Forty per cent of Canadians expect Prime Minister Justin Trudeau to land on Santa’s “naughty” list this holiday season — and they think he’s more likely to wake up to a lump of coal than Chinese President Xi Jinping, according to a new Ipsos poll.
Ipsos asked Canadians about whether a list of high-profile individuals — from political leaders, to CEOs, to celebrities — belong on Santa’s “nice” list or his “naughty” list.
Canadians who responded to the survey said Trudeau was more likely to end up on the naughty list than the Chinese president, who heads the government that detained two Canadians, Michael Spavor and Michael Kovrig, for more than 1,000 days.
The Chinese government has also been accused of committing genocide against the Uyghur population in the Xinjiang region.
“It’s probably just a lack of awareness of who (Xi) is,” Darrell Bricker, CEO of Ipsos, said in an interview with Global News.
The poll found 26 per cent of Canadians would put Xi on the naughty list, while 40 per cent would do the same to Trudeau. Just three per cent said Xi belongs on Santa’s “nice’ list.
“(Of) the people who do have an opinion of him, the percentage that put him on the nice list is way lower than the percentage that puts him on the naughty list.”
Just 18 per cent of Canadians expect Trudeau to be on Santa’s “nice” list, Ipsos found. Vladimir Putin narrowly bested Trudeau with his likelihood to land on the naughty list, with 44 per cent expecting the Russian president to get coal this holiday season.
“The leader of Russia is not seen as a particularly positive person by Canadians,” Bricker said.
But, he added, “Justin Trudeau is right up there, in terms of the notoriety and difficulty that he has with Canadians right now.”
While Trudeau and Putin clinched the top two spots for the folks Canadians expect to see on the naughty list, they weren’t alone. Meta CEO Mark Zuckerberg came in third, with 32 per cent putting him on the naughty list, followed by Ontario Premier Doug Ford at 29 per cent and Amazon CEO Jeff Bezos at 26 per cent.
When it comes to major tech companies like Meta and Amazon, they used to be well-regarded, Bricker said. But now, “their motivations and the effect that they have on the world” are things “people feel that they haven’t been as accountable for as they should be,” he said.
“The public really does like their services to a large degree. But the motivations of the organizations and how they behave, that’s another question,” Bricker added.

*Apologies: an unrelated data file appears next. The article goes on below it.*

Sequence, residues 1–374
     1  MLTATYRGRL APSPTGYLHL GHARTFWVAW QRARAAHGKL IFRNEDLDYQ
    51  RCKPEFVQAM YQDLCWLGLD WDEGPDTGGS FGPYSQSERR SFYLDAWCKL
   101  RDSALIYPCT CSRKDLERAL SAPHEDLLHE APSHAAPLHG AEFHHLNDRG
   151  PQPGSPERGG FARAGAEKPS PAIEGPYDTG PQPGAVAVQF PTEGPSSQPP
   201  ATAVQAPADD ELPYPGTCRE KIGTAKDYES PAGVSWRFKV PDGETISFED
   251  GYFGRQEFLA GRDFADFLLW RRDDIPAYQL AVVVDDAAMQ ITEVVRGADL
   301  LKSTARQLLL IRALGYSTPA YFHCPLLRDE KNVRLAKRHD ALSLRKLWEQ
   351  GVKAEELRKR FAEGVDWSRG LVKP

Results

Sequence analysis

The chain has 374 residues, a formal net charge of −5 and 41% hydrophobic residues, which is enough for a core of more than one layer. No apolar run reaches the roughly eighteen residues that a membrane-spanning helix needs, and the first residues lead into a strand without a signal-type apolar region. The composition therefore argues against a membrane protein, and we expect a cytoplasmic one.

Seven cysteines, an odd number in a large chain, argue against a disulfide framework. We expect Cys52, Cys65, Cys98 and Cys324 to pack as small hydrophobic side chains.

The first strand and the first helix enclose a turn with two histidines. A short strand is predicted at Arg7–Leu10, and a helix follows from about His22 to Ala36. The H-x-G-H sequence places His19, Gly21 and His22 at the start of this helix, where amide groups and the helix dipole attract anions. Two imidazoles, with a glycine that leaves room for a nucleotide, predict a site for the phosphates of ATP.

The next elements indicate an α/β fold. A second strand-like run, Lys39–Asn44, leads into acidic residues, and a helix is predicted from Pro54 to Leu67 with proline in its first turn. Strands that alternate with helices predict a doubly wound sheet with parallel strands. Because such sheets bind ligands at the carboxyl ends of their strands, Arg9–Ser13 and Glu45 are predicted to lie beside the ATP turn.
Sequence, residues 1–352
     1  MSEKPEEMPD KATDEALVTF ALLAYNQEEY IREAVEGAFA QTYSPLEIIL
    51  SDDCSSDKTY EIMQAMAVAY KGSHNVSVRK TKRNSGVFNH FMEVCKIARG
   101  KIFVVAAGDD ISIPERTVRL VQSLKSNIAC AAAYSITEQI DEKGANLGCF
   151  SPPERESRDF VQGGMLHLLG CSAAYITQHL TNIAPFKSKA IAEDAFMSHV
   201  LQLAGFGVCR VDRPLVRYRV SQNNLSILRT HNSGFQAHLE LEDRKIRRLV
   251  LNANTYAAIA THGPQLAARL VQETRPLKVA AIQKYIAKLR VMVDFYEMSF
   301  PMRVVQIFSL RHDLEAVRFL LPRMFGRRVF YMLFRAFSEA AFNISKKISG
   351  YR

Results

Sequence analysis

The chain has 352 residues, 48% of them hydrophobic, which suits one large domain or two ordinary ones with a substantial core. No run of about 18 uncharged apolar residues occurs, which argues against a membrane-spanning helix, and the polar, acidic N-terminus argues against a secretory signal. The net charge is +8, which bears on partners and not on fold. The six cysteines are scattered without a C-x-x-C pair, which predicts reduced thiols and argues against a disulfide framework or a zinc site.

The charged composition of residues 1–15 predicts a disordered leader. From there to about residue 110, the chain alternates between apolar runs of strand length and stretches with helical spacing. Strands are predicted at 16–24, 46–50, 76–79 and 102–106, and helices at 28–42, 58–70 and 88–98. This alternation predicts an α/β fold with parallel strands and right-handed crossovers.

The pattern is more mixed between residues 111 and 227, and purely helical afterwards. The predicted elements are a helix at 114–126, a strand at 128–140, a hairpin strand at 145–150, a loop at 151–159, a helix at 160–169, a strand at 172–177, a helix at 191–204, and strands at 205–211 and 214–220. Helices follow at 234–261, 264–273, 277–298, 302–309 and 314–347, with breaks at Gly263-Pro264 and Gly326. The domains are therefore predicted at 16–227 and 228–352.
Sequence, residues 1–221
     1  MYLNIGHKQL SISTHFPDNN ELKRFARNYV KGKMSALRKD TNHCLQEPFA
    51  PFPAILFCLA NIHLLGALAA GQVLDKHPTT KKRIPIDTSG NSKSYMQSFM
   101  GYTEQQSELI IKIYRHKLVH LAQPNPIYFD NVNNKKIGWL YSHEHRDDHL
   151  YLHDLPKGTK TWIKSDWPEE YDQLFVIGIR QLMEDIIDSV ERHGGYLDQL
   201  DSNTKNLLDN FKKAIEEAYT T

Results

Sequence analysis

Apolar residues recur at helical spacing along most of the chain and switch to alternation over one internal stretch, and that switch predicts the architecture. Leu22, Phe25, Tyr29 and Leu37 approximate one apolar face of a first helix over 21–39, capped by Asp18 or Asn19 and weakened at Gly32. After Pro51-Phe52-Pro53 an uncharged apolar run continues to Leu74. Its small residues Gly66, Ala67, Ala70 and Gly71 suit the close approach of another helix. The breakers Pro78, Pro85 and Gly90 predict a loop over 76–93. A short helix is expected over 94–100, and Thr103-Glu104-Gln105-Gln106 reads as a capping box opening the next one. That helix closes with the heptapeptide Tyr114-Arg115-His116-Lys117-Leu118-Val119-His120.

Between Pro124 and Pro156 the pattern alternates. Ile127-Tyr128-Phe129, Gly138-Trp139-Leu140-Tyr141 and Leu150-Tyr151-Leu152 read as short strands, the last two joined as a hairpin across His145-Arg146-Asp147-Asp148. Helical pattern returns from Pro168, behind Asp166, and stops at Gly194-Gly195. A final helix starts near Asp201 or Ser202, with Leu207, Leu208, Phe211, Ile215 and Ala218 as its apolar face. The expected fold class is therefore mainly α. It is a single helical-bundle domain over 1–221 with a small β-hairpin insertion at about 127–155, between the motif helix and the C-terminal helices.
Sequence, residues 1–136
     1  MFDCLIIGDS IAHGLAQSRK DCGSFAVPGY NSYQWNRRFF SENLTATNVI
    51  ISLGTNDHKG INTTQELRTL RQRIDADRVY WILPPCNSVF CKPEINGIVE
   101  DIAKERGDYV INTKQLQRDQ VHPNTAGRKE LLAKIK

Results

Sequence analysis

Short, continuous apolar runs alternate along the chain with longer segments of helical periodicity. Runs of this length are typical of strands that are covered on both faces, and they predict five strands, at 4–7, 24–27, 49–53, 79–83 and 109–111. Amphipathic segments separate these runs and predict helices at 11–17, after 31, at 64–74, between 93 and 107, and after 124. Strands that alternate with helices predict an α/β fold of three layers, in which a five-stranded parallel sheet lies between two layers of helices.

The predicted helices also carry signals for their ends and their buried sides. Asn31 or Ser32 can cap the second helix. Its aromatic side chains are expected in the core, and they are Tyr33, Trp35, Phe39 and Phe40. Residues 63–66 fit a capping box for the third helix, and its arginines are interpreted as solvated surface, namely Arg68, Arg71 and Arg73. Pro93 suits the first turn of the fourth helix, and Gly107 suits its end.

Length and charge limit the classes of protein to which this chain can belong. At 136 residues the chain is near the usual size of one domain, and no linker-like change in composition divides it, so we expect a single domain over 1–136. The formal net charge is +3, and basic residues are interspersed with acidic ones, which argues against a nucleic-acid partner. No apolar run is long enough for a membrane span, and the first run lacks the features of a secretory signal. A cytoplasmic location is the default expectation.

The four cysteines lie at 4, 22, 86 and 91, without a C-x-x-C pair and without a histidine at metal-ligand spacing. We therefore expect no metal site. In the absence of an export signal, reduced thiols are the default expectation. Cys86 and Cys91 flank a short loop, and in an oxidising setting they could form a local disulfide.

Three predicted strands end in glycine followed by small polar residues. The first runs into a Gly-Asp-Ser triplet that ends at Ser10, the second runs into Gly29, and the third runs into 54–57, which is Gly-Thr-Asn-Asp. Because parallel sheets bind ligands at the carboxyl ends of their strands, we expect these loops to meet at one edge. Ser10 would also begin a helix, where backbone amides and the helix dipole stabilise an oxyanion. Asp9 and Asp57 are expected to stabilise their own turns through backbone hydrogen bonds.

As for provincial leaders like Alberta Premier Jason Kenney, whom 19 per cent of Canadians expect to see on the naughty list, and Ford, Omicron could be to blame for their slipping approval.
“Even a couple of months ago, people thought that we were kind of improving — and when you take away a sense of improvement and momentum, particularly after the couple of years that we’ve been through, it’s a real downer for the public,” he said.
“I think it’s seeping through into how they’re feeling about the performance of their provincial political leaders.”
Who makes Santa's nice list?
Canada’s health-care workers are the most widely expected to find themselves on Santa’s nice list, the poll found, with 54 per cent of Canadians saying that they deserve to wake up to a pile of presents under the tree.
“Canadians really do see them as the champions leading us through this crisis that we’re going through, much more so than they see politicians being the leaders,” Bricker said.
Health-care workers topping the nice list “shouldn’t be a surprise,” he added — but there was one major upset on this year’s nice rankings.
Every year, the Queen “does really well” in these rankings. But this year, she was bested by Canadian superstar Ryan Reynolds. The actor came in a distant second, after health-care workers, with 29 per cent of Canadians expecting to see his name on Santa’s nice list this year.
The Queen, on the other hand, came in third. Just 25 per cent of Canadians think she belongs on the nice list, according to Ipsos.
“(Reynolds) should be very proud of being able to break through with Canadians, not just in terms of being, you know, a leader in the entertainment world, but people really seeing him as a personal leader,” Bricker said.
“Maybe he should be thinking about running for office.”
Chief public health officer Dr. Theresa Tam, meanwhile, was the fourth most likely to land on the nice list at 23 per cent. She was followed by environmental activist Greta Thunberg, who came in fifth after 22 per cent of Canadians said they expect her to wake up to a stocking stuffed with gifts.
Exclusive Global News Ipsos polls are protected by copyright. The information and/or data may only be rebroadcast or republished with full and proper credit and attribution to “Global News Ipsos.” This poll was conducted between Dec. 10 and 15, 2021, with a sample of 1,001 Canadians aged 18-plus interviewed online. The precision of Ipsos online polls is measured using a credibility interval. This poll is accurate to within ± 3.5 percentage points, 19 times out of 20, had all Canadians aged 18-plus been polled.